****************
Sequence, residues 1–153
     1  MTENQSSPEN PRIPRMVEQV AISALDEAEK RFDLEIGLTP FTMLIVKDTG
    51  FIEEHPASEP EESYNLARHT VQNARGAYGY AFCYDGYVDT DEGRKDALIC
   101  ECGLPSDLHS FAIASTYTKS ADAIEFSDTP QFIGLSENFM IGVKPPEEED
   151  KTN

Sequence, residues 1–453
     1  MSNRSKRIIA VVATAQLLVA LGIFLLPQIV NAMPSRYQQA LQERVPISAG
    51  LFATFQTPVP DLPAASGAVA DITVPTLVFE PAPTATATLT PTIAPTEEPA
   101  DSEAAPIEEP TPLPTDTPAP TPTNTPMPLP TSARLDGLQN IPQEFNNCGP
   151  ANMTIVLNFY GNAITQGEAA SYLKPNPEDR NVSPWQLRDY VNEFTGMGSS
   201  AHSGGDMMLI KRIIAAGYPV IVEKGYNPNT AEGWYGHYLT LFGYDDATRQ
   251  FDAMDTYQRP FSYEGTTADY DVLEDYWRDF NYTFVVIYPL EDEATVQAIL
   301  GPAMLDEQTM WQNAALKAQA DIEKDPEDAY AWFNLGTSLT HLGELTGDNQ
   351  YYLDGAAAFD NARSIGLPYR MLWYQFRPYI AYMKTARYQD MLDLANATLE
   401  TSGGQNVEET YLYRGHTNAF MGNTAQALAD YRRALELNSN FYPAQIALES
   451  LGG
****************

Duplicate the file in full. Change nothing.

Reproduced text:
Sequence, residues 1–153
     1  MTENQSSPEN PRIPRMVEQV AISALDEAEK RFDLEIGLTP FTMLIVKDTG
    51  FIEEHPASEP EESYNLARHT VQNARGAYGY AFCYDGYVDT DEGRKDALIC
   101  ECGLPSDLHS FAIASTYTKS ADAIEFSDTP QFIGLSENFM IGVKPPEEED
   151  KTN

Sequence, residues 1–453
     1  MSNRSKRIIA VVATAQLLVA LGIFLLPQIV NAMPSRYQQA LQERVPISAG
    51  LFATFQTPVP DLPAASGAVA DITVPTLVFE PAPTATATLT PTIAPTEEPA
   101  DSEAAPIEEP TPLPTDTPAP TPTNTPMPLP TSARLDGLQN IPQEFNNCGP
   151  ANMTIVLNFY GNAITQGEAA SYLKPNPEDR NVSPWQLRDY VNEFTGMGSS
   201  AHSGGDMMLI KRIIAAGYPV IVEKGYNPNT AEGWYGHYLT LFGYDDATRQ
   251  FDAMDTYQRP FSYEGTTADY DVLEDYWRDF NYTFVVIYPL EDEATVQAIL
   301  GPAMLDEQTM WQNAALKAQA DIEKDPEDAY AWFNLGTSLT HLGELTGDNQ
   351  YYLDGAAAFD NARSIGLPYR MLWYQFRPYI AYMKTARYQD MLDLANATLE
   401  TSGGQNVEET YLYRGHTNAF MGNTAQALAD YRRALELNSN FYPAQIALES
   451  LGG